- 1 countable 1.1 (for identification, access)also: business cardalso: credit cardto show somebody the yellow/red card (in soccer)to ask for one's cards (British English) [colloquial] to give somebody their cards (British English) [colloquial]mostrarle la tarjeta amarilla/roja a alguienechar a alguiendarle la patada a alguien [colloquial]Example sentences1.2
also: greeting cardbirthday/sympathy card1.3tarjeta de cumpleaños/de pésamealso: index card(before noun) card catalog/index card punchcard readerperforadora (feminine) de tarjetas1.4 (postcard) 1.5 (for collecting)lectora (feminine) de tarjetas perforadasExample sentences1.6 (program) (Sport)
- However, if they do obtain a card, the credit limit will be low.
- It contained cash, cards and other personal items.
- A potter or a carpenter in the remote village may soon be able to avail of bank credit through a plastic card.
- The bailiffs will carry an identification card and their details can be checked at the council's Parking Shop.
- There was also a call for ‘true’ family membership with joint names on the membership card.
- Yet the UEC, as proposed by David Blunkett, is an identity card in all but name.
- Bag Woman won the first race on the card, a claiming event in which she carried a $13,500 tag, to sew up the record.
- The Sydney Turf Club had planned a seven-race card at Canterbury Park Racecourse with the Starlight Stakes the feature race.
- Beulah Park halted its nine-race card after the fifth race due to slippery track conditions.
- 2 uncountable (thin cardboard)Example sentences
- The first thing to buy is a large sheet of white thick paper or thin card, which you gently bend into a right angled curve.
- The Sun's image can then be seen on small piece of stiff card covered with some white paper.
- You won't get a good idea of the right fragrance unless you put each one on different cards or pieces of paper.
- 3 3.1 countable (playing card)a deck o (British English) pack of cardsto play a high/low carduna barajaun mazo (especially Latin America)to be in o (British English) on the cardsit was in o on the cards that something like this would happenjugar una carta alta/bajato lay o put one's cards on the tablese veía venir or era seguro que iba a pasar algo asíto play one's cards rightponer las cartas boca arriba or sobre la mesa→ chest 1 → sleeve 1 3.2jugar bien sus ( or mis etc) cartasalso: cards pluralto play cardsto win/lose at cardsjugar a las cartas or (Colombia) jugar cartaslucky at cards, unlucky in loveganar/perder a las cartasafortunado en el juego, desafortunado en amores or en el amorExample sentences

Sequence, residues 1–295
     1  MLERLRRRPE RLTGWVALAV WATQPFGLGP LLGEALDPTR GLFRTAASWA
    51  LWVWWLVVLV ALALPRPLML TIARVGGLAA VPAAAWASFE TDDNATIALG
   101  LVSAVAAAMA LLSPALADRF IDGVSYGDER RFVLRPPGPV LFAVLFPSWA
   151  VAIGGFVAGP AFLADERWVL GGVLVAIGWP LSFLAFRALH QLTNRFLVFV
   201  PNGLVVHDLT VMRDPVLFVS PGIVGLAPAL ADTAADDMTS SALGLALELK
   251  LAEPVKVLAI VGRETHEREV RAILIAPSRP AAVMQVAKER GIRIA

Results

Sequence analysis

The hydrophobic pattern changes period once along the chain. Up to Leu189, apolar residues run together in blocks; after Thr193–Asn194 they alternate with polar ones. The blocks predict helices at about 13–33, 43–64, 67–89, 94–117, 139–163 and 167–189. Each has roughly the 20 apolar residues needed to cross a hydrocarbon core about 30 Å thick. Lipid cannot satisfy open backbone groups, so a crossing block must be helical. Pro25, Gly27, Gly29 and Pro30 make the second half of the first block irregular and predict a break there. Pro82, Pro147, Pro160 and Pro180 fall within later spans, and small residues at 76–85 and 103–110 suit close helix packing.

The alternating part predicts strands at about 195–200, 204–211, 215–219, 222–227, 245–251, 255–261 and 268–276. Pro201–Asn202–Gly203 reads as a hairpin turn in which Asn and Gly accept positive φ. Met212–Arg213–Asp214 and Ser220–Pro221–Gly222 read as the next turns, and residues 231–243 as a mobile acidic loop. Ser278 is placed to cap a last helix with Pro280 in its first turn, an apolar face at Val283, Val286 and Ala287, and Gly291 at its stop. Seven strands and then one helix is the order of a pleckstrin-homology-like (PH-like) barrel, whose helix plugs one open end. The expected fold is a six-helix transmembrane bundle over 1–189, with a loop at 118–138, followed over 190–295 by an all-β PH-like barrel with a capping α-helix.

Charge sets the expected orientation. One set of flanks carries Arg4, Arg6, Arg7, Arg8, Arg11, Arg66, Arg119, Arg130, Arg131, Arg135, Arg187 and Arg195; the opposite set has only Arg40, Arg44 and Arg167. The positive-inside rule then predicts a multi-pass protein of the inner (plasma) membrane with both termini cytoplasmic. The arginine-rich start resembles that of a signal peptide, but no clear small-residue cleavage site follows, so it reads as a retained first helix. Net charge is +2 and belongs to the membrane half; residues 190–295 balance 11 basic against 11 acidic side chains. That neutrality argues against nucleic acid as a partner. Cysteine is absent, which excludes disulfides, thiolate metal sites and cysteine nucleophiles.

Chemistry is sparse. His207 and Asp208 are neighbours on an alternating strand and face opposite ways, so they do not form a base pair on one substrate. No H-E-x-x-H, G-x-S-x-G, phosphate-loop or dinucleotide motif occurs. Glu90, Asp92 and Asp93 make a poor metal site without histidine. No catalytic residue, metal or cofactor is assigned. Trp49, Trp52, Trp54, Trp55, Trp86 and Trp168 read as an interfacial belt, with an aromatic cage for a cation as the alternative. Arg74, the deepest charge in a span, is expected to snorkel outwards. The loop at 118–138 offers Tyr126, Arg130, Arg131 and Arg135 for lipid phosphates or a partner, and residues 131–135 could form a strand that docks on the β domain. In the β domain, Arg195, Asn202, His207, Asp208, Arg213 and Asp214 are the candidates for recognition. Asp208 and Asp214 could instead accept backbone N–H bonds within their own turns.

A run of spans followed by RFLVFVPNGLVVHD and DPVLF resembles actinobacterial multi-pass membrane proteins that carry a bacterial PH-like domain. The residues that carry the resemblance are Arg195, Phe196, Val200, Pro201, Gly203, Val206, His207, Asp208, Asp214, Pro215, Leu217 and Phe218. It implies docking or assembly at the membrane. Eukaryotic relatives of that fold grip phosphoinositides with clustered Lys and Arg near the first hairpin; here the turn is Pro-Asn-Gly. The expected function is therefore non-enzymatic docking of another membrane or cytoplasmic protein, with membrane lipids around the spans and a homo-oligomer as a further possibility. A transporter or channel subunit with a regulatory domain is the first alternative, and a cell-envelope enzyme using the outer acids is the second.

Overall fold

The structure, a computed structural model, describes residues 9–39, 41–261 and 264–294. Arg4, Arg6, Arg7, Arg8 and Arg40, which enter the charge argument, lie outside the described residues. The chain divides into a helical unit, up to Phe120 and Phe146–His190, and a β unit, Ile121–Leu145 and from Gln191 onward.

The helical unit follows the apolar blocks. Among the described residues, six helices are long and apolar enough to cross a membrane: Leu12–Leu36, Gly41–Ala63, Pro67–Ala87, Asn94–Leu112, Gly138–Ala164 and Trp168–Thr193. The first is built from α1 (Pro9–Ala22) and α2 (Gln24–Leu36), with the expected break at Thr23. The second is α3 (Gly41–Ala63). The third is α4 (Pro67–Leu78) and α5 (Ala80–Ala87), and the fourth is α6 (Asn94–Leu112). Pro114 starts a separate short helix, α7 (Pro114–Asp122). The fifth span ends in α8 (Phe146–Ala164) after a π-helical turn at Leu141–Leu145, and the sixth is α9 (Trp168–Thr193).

- In America it is known as old sledge or seven up and usually played by two players with the full pack of 52 cards, with the ace being the highest and the two the lowest.
- From a deck of cards, pick out the ace through six of one suit.
- We oohed when he chose the right card from the pack.
- (disentangle)(fibres)Example sentences
- Spinning wheels lined the walls and at the central tables others sorted, hackled and carded the wool.
- Moreover, he noted that working in ghettos where underventilated, crowded conditions prevailed was a special risk factor in workers repairing old mattresses and/or carding used wool.
- She was wearing a sweater she'd been forced to knit from the wool they'd carded from the flocks.
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Here is a selection of useful words and phrases you will need in real-life situations while you're visiting Spain and other Spanish-speaking countries...
A portero is a superintendent in an apartment building who looks after it, keeps it clean, delivers mail, and keeps an eye on comings and goings. Porteros often have an apartment in the building as part of their pay. The portero, and particularly the female portera, are part of popular culture. They have a reputation for being inquisitive and fond of gossip.